Boris Johnson tells Russia to halt cyber attacks on the West

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Boris Johnson is set to deliver a warning to the Kremlin to cease cyber attacks against the West, telling his opposite number in Moscow that Britain is ready and able to retaliate in kind.

The Foreign Secretary will tell Russian counterpart Sergey Lavrov that the UK has no malign intentions online, but possesses sufficient capability to serve as a deterrent to potential cyber-aggressors.

His comments came weeks after Theresa May accused President Vladimir Putin of using cyber-espionage and disruption to sow discord in the West, warning Moscow: “We know what you are doing. And you will not succeed.”

And they follow GCHQ’s revelation on Wednesday that Britain has developed sophisticated cyber weapons capable of crippling a hostile state.

Theresa May: “I have a simple message for Russia: We know what you are doing. And you will not succeed.”

Parliament’s Intelligence and Security Committee was told the agency was developing a “full spectrum” of cyber weaponry.

Mr Johnson is the first UK Foreign Secretary to visit Russia in five years, after a period in which Moscow’s relations with the West have been plunged into the deep freeze by the illegal annexation of Crimea and alleged use of social media to influence democratic elections.

Speaking to Mr Lavrov in Moscow, the Foreign Secretary will make plain that his visit does not represent an attempt to return relations to “business as usual”.

But he will also say he wants the kind of mature dialogue between the two permanent members of the UN Security Council that will allow them to work together on issues of mutual interest such as preserving the Iranian nuclear deal, pushing forward a political settlement in Syria and countering the threat to global stability from North Korea.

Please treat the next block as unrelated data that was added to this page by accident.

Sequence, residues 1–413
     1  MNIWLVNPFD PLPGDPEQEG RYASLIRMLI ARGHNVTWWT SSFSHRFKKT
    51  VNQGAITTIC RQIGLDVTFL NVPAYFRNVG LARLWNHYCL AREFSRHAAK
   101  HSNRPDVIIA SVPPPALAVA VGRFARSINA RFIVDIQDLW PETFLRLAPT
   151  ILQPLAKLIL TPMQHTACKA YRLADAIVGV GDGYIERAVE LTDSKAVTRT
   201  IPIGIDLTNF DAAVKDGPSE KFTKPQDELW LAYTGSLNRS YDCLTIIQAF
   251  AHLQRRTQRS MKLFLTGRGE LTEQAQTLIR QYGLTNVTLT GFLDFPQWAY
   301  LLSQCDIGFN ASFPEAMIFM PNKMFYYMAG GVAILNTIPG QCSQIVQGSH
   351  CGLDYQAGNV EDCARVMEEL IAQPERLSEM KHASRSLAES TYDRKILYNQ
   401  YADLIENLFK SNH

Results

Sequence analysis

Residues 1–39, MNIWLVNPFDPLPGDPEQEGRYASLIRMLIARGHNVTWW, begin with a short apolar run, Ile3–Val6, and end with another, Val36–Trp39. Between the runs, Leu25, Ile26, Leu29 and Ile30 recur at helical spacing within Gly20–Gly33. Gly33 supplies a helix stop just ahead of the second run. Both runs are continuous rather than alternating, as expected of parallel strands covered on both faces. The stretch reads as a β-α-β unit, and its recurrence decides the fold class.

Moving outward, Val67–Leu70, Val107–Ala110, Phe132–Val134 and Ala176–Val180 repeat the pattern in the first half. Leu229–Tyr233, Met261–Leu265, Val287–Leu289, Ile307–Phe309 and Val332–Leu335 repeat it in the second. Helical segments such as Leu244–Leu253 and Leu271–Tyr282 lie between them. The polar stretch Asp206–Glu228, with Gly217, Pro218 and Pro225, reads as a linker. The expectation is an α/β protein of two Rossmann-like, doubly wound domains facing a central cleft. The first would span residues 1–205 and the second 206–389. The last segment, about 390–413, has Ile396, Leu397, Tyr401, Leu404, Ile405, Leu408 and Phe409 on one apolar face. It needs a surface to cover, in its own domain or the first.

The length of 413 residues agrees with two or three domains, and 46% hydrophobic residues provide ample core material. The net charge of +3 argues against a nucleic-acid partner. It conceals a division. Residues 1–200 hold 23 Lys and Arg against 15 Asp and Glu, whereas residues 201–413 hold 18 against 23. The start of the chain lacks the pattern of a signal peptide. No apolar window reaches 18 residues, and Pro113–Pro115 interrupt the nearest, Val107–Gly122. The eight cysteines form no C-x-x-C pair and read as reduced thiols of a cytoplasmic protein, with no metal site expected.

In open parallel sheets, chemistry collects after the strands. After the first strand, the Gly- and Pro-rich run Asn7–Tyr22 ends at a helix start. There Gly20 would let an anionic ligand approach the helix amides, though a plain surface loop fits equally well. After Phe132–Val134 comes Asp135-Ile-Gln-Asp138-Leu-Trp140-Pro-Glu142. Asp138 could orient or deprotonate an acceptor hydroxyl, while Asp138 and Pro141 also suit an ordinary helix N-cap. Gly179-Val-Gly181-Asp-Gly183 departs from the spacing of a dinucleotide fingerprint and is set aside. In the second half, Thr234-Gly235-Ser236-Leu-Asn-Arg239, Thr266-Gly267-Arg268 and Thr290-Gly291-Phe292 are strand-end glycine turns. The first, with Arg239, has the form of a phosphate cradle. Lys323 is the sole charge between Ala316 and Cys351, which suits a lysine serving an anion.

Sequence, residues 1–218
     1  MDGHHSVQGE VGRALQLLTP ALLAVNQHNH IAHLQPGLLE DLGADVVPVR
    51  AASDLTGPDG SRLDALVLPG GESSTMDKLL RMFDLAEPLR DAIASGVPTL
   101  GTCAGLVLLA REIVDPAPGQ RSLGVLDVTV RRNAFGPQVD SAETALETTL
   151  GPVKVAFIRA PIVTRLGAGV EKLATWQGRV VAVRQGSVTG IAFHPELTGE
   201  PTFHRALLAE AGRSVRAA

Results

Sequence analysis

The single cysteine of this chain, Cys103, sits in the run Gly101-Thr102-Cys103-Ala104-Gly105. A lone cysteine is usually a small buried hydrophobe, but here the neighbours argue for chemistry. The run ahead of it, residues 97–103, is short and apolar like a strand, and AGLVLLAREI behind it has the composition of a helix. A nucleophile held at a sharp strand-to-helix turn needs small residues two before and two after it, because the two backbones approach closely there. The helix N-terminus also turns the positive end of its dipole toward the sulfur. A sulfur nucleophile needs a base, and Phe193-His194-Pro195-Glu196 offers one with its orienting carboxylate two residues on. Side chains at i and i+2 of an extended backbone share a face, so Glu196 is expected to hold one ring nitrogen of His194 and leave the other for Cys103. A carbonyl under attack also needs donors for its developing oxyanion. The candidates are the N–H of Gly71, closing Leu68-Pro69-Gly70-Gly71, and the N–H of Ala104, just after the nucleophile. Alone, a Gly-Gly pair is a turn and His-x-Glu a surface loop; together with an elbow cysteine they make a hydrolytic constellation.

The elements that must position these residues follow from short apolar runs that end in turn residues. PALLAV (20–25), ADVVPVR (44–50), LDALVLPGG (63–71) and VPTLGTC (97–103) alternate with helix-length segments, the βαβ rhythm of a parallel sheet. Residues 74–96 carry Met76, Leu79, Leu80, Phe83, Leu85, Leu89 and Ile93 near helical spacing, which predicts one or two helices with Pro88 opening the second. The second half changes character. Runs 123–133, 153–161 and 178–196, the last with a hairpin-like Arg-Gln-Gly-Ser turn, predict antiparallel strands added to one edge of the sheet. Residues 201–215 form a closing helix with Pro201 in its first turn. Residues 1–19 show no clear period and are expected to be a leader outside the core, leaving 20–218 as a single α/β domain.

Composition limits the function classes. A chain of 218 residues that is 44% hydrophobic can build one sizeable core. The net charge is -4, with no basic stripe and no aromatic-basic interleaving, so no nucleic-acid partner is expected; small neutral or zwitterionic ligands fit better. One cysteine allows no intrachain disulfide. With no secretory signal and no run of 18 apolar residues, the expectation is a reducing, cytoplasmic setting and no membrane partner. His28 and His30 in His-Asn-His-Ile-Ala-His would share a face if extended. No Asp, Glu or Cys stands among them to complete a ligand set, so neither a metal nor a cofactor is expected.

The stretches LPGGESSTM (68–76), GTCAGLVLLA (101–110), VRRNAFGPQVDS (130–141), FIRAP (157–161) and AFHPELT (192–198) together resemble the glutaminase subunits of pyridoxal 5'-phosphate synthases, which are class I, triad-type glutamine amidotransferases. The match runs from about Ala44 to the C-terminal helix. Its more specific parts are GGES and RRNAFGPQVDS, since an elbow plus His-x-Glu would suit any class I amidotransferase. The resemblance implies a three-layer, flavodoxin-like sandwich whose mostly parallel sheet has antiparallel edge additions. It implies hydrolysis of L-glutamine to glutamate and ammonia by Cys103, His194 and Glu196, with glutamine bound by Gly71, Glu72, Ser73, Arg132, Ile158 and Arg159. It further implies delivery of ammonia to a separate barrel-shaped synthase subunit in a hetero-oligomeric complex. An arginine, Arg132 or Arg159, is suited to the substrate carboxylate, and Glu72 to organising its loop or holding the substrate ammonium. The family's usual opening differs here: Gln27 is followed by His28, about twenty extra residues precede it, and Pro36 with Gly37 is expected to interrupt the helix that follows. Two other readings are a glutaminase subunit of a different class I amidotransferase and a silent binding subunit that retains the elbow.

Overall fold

Speaking on the eve of the meeting, Mr Johnson left no doubt Britain had made preparations to respond to continued misuse of cyberspace.

“Over the last year or 18 months we have fully taken on that argument,” he told reporters.

“The UK is certainly prepared and able to respond should we so desire.

“I can assure you that the UK is a world leader in this field. We don’t conduct malign or disruptive cyber activity, but the logic of deterrence is clearly something we appreciate in the cyber field.

“That is something we have acquired and are acquiring.”

Mr Johnson said relations between the UK and Russia “haven’t been so bad for a very long time”.

“There are areas in which Russia is behaving in a more hostile way towards our interests than at any time since the end of the Cold War,” he said.

“I will make clear to Lavrov that there are things that we find extremely difficult to accept, and we can’t accept.”

The occupation of Crimea, continuing destabilisation of eastern Ukraine and the western Balkans and attempts to influence democratic processes in the West are all “obstructions in our relationship that can’t be ignored”, he said.

But Mr Johnson will say that these disagreements should not prevent the two countries cooperating on global issues of shared concern.

In face-to-face talks with Mr Lavrov, he will evoke the Second World War alliance between Britain and the Soviet Union as an example of working together despite profound differences.

The Foreign Secretary said: “Our relations with Russia cannot be ‘business as usual’ whilst Russia continues to attempt to destabilise European states, including Ukraine.

“However, it is vital for international security that we do talk to each other, as the consequences of miscommunication or misunderstanding are grave.

“My visit to Russia comes at a critical time as we need to work together to solve the world’s most pressing global challenges.”

The UK was a firm supporter of the European Union’s decision last week to roll over sanctions on Russia and continues to insist that Moscow must live up to the terms of the Minsk Agreement requiring it to cease support for armed separatists.

Mr Johnson will indicate to Mr Lavrov the UK would be responsive to a change in stance.

“We have a relationship with Russia that spans over 450 years,” he said. “Our similarities and historical links far outweigh our current political disagreements.

“The Kremlin has positioned Russia in direct opposition to the West, but it doesn’t have to be that way.”

The two men will discuss ongoing preparations to ensure the safety of thousands of England football fans expected to visit Russia for next year’s World Cup, which have already seen reciprocal visits by police from both sides.

Amnesty International UK’s head of policy and government affairs, Allan Hogarth, urged Mr Johnson to use the trip to put on record his opposition to Russia’s notorious “gay propaganda” law.

“We’re only months away from the World Cup, and LGBTI fans – from Britain and around the world – will be travelling to a country where homophobia is officially legitimised, and verbal and physical attacks on people because of their perceived sexual orientation are commonplace,” said Mr Hogarth.


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